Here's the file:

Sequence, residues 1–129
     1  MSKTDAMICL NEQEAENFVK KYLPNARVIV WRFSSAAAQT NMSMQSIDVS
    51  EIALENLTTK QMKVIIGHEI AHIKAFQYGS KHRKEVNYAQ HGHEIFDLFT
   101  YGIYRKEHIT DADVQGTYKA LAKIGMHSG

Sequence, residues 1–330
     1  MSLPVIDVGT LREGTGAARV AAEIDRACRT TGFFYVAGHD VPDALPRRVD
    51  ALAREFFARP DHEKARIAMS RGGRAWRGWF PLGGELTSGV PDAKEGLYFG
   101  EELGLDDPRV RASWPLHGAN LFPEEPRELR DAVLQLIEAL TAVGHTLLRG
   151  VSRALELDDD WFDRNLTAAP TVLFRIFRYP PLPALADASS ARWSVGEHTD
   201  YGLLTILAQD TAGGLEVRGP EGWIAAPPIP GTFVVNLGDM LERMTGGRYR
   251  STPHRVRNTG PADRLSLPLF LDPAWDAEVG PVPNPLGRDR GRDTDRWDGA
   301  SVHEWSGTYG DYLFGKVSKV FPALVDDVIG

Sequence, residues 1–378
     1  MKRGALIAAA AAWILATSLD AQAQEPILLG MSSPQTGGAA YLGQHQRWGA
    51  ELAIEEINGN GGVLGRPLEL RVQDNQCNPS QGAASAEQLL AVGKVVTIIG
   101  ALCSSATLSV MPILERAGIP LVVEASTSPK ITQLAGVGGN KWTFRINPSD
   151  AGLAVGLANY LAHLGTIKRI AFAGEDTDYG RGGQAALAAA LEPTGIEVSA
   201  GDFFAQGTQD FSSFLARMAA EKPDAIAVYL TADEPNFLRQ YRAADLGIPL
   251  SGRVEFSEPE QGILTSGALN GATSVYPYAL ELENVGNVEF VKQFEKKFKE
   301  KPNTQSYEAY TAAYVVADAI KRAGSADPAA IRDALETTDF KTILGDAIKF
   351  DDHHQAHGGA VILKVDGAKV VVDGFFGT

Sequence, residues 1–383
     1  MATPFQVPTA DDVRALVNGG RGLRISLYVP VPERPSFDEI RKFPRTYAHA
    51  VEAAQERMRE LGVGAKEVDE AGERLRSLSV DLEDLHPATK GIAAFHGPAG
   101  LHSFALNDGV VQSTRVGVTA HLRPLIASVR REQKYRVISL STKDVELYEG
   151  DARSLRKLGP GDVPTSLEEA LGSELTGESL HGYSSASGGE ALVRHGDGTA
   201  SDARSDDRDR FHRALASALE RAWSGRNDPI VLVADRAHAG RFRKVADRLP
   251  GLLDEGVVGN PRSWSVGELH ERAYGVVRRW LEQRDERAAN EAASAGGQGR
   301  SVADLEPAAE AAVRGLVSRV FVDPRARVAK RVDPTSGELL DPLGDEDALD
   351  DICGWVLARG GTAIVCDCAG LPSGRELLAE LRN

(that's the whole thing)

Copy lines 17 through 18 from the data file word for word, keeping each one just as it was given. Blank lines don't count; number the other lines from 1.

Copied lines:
   151  AGLAVGLANY LAHLGTIKRI AFAGEDTDYG RGGQAALAAA LEPTGIEVSA
   201  GDFFAQGTQD FSSFLARMAA EKPDAIAVYL TADEPNFLRQ YRAADLGIPL